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Don’t let tech purchases bust your budget

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in Centerpiece,Office Technology

technology and dollar signThe cost of the technology you use could add up to a serious chunk of change. With add-ons and applications, you may be choosing to pay for a bunch of small features that put a big dent in your budget.

Jordan Amin, former head of the National CPA Financial Literacy Com­­mission, suggests keeping a close eye on these areas of technology spending.

  1. Cable, phone and Internet. When you pay for a bundle package, you may be paying more for features you don’t need. You can cancel these packages and instead opt for Internet only. Then use Netflix, Apple TV and Chromecast for cheaper entertainment.
  2. Devices galore. Research firm NPD Group found that the average household contains 5.7 Internet-­connected devices. The overlap in these devices’ features, such as a landline and a mobile phone, means paying for multiple devices that do the same thing. You can cut back on devices and free up some cash.
  3. Application insanity. Mobile apps can offer distracting fun, but they can drain your devices’ batteries, and also your budget with “in-app” charges. These come from making purchases in­­side the apps, often with a single click. Watch out for charges and be aware that your children may be making in-app purchases without your knowledge.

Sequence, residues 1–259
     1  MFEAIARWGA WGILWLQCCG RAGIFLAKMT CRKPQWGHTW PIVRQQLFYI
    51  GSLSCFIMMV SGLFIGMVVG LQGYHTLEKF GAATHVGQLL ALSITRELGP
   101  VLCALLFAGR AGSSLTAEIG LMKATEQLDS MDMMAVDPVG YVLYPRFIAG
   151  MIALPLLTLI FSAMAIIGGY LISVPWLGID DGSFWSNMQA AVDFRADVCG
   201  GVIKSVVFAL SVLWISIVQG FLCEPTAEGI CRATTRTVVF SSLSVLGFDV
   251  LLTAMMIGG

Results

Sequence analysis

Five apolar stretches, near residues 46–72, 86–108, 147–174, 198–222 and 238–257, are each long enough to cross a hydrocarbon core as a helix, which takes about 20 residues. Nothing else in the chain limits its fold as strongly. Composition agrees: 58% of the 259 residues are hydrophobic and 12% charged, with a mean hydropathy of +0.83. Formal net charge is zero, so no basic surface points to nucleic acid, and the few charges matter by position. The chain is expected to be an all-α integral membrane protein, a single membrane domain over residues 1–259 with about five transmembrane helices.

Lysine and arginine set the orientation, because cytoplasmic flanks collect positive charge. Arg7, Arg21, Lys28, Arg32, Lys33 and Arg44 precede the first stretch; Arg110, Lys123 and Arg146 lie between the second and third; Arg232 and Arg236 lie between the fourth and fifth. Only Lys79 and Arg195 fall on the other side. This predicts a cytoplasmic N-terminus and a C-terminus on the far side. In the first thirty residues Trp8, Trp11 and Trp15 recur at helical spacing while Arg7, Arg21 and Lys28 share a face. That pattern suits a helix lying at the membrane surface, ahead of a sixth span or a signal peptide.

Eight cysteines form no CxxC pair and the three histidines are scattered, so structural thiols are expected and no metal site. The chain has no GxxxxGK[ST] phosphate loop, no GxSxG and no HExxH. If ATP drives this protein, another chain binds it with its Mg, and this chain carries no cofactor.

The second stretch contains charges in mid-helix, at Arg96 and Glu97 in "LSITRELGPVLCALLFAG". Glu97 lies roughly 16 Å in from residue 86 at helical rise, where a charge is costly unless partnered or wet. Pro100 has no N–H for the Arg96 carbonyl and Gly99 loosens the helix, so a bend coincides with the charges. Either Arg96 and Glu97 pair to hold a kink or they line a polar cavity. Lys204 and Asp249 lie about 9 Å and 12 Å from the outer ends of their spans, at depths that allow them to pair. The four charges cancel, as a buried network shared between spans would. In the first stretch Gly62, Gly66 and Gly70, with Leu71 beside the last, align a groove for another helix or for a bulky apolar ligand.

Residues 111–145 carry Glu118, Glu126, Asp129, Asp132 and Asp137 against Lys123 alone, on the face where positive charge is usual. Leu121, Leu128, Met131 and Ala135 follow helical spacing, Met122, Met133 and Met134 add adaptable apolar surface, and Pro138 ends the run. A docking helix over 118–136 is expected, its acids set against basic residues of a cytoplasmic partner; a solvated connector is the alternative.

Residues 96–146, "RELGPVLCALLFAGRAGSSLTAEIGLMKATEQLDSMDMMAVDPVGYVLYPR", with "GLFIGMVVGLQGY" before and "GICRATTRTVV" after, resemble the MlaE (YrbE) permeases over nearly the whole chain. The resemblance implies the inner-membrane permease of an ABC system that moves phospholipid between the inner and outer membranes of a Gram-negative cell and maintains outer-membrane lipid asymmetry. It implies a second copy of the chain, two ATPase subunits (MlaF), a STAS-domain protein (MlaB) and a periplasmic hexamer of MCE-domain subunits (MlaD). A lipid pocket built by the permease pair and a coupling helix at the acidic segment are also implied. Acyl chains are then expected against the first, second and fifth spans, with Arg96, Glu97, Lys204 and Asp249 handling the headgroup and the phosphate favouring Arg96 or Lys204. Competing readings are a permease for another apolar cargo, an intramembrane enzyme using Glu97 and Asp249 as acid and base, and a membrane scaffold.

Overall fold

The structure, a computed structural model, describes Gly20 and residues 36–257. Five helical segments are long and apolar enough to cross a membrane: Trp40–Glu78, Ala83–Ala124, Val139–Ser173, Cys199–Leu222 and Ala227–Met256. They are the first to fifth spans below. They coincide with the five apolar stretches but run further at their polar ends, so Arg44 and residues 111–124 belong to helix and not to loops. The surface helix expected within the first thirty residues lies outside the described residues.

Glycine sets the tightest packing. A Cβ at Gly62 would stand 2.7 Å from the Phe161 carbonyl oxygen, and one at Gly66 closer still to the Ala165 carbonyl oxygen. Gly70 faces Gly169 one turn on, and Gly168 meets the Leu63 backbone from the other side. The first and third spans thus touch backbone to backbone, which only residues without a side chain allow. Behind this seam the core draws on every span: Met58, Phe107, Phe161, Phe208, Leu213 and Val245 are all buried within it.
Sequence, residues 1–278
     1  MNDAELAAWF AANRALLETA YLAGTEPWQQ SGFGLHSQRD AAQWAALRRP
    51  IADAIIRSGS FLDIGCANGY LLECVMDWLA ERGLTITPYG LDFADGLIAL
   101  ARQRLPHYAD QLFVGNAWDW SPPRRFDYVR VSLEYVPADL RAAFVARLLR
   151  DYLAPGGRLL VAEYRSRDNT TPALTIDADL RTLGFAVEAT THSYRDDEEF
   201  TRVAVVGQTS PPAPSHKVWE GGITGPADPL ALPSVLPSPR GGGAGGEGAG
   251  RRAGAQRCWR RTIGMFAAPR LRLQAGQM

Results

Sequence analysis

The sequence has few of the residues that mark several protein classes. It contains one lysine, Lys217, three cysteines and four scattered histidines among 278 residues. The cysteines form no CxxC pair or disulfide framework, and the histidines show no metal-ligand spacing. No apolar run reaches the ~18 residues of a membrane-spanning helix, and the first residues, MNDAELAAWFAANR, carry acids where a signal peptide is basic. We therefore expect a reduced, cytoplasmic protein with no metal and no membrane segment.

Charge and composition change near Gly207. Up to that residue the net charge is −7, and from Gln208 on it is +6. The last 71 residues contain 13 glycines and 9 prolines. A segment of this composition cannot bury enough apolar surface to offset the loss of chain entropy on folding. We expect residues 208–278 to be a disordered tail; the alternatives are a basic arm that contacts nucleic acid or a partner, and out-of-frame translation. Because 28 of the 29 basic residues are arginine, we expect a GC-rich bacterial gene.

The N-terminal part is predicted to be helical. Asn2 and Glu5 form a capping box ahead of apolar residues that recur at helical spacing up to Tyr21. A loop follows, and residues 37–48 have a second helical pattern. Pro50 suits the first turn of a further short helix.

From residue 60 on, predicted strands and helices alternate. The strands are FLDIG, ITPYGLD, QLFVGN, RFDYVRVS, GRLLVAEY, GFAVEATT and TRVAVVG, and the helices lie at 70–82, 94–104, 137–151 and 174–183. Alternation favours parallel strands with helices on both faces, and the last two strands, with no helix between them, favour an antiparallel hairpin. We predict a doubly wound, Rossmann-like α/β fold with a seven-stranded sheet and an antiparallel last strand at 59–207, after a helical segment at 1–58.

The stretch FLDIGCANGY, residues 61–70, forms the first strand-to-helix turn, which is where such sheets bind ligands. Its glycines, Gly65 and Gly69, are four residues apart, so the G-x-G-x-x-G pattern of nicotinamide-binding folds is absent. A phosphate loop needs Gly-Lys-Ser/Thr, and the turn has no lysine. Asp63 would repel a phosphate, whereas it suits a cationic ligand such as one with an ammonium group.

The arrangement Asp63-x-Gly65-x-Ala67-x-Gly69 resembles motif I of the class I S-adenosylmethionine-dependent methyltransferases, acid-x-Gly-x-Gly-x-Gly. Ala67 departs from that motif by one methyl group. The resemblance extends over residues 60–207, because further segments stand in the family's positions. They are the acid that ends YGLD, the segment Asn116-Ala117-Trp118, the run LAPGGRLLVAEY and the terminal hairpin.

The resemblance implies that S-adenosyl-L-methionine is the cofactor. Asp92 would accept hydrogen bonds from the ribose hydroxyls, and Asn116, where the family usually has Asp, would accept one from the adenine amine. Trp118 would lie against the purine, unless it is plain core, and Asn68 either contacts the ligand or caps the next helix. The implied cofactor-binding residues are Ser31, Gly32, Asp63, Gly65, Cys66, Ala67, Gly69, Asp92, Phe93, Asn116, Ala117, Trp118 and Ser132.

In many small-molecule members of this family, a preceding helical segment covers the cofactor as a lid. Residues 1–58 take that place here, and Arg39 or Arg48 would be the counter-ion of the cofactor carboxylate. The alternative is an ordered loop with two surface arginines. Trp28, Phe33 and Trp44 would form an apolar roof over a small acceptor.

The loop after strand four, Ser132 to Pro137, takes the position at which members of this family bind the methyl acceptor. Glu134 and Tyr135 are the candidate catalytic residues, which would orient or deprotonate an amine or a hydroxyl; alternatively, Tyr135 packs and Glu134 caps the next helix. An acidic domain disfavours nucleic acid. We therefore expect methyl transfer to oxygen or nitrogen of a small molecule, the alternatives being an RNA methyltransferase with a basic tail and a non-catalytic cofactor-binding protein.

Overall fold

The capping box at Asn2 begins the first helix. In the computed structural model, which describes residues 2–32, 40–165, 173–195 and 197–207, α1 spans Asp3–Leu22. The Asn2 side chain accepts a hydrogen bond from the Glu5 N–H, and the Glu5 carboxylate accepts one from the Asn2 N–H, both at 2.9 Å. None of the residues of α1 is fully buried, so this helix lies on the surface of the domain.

4. Security solutions. Companies are packing their products with security software, but the problem is “a lot of the security software being sold is just a placebo,” says Rob Enderle, head of Enderle Group. Often, the extra software is expensive and frustrating. Save time and money with private browsing, which keeps what you do online on your computer’s hard drive.
  5. Obsolete technology. You probably have a lot of extras added onto your computer that you don’t need. Don’t get stuck paying for all those giz­­mos bundled on your computer. Do you really need optical disks, Blue­­tooth, serial and parallel ports anymore? Such features suggest the computer may be outmoded and a waste of money.

— Adapted from “Are Technology Costs Killing Your Budget?” Richard Satran, U.S. News & World Report.

By the numbers

Americans spend the equivalent of 17% of their monthly mortgage or rent on technology, according to a study by the American Institute of Certified Public Accountants re­­leased last year.

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